IMG 300 Section 2
Dec 3, 2012
Table of Contents
Introduction pg. 2-3
Analysis and Evaluation
1. Cultural Environment pg. 3-4
2. Economic Environment pg. 4-5
3. Political and Government Environment pg. 6-8
Special Issues, Recommendations, and Approaches to Entry with Justifications pg. 8-10
References pg. 11
Croatia is a central European and Mediterranean country. Croatia has a mixed landscape and climate. Along the rocky coastline the climate is Mediterranean. With warm, dry summers and mild winters, it is one of the sunniest coastlines in Europe. In the central and northern areas of Croatia the climate is more continental, with hot summers and snowy winters. Croatia's natural landscape varies widely. It includes rolling hills, fertile plains, and Rocky Mountains.
Croatia covers a land area of 56,691 square kilometers and shares borders with Hungary, Serbia, and Slovenia; many outside influences shape the country’s culture. The country’s population consists of 78% Croatians, 12% Serbians, and other ethnicities such as Hungarians and Slovenians. The diverse mix of people comes with many spoken languages, which include Croatian, Italian, Czech, Slovenian, and German. This diversity results in many different religious practices taking place in the country. Freedom of religion is a law written in the Constitution of Croatia and separates religion from state. Roman Catholicism is the most followed religion in the country. Other religious groups include Protestants, Muslims, and followers of the Eastern Orthodox Church. According to Hofstede’s cultural dimension, known as the Human Development Index, Croatia was ranked 51st out of 169 countries on the top end of the human development dimension. In Croatia, over 97% of people are literate. The life expectancy in Croatia is 70 years for men and 78 for women with the infant mortality rated at seven deaths for every 1000 births. The country itself is split into four different sub-cultures: Dalmatia, Istria, Slavonia, and Zagorija, which all differ in economics, food, language, and traditions. The country has no explicitly defined caste system, but family names and professional status are respected and desired more than wealth. Although there is no official social class system the country’s hierarchy is obvious through signs of wealth, similar to that of the US. A non-materialistic factor that shows one’s social status includes education level and the ability to speak English and in many cases, other foreign languages. People from cities maintain a higher social status than those from villages and small towns, Croatians comprise the majority of upper class individuals. Traditionally, Croatia is a patriarchal society with the belief that women and men should not work together; however, this has been very loosely enforced depending on the part of the country. In urban locations, women’s roles were to maintain the household and men would do outside work. However, in rural towns women helped on farms and in fields. After socialism was enacted women were encouraged to join the workforce. In present day, women are now viewed more equally and are expected to begin careers. Men do still maintain a higher status than women but women participate in most professional fields. Over time the rural and urban gender gaps have swapped. Today, a social gender gap is more prevalent in rural, working classes than in the professional workforce. Croatian etiquette, in general, is similar to proper etiquette practiced the United States. In Croatia, the youngest member of the party initiates business and social meetings. Other cultural practices include handshakes, bringing gifts to dinner invitations, and always accepting a Croatians hospitality if invited to his home.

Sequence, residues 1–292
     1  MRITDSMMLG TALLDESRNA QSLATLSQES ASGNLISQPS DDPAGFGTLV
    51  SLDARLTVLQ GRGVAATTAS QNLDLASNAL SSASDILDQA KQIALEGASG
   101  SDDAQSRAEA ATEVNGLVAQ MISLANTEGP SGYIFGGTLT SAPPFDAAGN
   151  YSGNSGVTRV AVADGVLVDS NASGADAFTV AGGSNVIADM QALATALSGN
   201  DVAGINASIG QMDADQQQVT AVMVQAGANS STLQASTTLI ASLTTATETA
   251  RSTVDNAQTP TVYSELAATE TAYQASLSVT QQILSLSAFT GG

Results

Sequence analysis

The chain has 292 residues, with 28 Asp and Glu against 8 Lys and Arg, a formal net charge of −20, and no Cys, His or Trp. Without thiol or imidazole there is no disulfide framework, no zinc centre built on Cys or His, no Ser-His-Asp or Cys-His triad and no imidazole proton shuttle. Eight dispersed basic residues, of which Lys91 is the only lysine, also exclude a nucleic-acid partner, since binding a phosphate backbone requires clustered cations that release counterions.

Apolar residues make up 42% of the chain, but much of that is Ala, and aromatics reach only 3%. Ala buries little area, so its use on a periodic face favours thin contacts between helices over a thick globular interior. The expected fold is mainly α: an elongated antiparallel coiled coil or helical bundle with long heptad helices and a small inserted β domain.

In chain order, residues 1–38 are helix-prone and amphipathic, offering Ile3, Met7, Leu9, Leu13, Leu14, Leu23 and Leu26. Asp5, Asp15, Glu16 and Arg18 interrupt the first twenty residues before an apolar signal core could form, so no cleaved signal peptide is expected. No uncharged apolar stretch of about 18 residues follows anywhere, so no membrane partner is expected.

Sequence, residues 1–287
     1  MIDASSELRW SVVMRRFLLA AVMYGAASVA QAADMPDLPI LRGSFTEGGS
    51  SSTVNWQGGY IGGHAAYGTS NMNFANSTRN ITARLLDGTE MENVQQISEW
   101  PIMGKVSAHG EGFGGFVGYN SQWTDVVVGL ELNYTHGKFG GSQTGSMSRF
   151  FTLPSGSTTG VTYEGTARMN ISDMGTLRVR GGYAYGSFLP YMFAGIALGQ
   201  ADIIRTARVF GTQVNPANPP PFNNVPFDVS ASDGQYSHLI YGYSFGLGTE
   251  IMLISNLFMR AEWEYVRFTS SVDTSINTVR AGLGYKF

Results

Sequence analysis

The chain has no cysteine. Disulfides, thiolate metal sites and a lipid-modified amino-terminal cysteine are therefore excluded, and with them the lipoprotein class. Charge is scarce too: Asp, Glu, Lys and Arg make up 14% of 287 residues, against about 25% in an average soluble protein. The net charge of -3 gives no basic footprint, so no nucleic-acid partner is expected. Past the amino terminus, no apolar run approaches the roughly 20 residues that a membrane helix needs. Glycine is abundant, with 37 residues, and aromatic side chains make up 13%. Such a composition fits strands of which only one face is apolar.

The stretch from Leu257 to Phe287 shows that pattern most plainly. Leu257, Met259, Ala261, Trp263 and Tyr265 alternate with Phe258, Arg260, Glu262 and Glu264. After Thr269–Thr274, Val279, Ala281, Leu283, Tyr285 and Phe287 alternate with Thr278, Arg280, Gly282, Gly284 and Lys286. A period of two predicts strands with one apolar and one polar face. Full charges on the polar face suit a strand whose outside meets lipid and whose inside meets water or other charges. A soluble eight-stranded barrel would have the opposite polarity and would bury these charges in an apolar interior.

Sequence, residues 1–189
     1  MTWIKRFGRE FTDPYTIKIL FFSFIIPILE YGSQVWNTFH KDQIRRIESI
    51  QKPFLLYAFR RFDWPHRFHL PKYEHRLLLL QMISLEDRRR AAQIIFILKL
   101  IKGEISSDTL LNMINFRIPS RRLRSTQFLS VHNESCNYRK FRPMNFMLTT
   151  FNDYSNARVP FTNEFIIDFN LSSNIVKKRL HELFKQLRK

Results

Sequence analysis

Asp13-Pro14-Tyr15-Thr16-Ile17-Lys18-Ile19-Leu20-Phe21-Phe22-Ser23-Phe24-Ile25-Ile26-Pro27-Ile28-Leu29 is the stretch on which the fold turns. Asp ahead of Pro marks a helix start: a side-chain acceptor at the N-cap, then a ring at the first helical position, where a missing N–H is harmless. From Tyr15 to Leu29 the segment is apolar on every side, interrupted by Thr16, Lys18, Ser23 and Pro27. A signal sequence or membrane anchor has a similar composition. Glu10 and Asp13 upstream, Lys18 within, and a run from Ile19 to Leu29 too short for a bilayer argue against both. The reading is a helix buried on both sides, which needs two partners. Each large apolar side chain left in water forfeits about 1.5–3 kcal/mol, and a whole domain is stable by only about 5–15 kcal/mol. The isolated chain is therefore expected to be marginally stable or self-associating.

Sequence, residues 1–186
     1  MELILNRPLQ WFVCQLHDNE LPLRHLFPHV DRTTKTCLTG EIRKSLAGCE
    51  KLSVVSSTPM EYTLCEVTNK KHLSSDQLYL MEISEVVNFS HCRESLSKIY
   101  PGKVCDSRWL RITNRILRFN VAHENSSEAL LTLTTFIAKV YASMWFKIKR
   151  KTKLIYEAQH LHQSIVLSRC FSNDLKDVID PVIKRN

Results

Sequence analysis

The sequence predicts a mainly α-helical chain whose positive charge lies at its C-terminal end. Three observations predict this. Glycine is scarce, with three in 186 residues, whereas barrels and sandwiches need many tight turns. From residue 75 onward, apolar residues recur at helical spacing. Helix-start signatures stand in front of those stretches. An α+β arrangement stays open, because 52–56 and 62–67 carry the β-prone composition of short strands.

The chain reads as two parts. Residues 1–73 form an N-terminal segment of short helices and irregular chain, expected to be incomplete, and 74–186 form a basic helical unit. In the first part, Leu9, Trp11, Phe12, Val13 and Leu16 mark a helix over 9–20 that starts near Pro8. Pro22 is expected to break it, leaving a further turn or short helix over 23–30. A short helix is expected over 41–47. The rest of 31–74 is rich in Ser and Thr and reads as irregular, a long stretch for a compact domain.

The past decade has been very problematic for the economic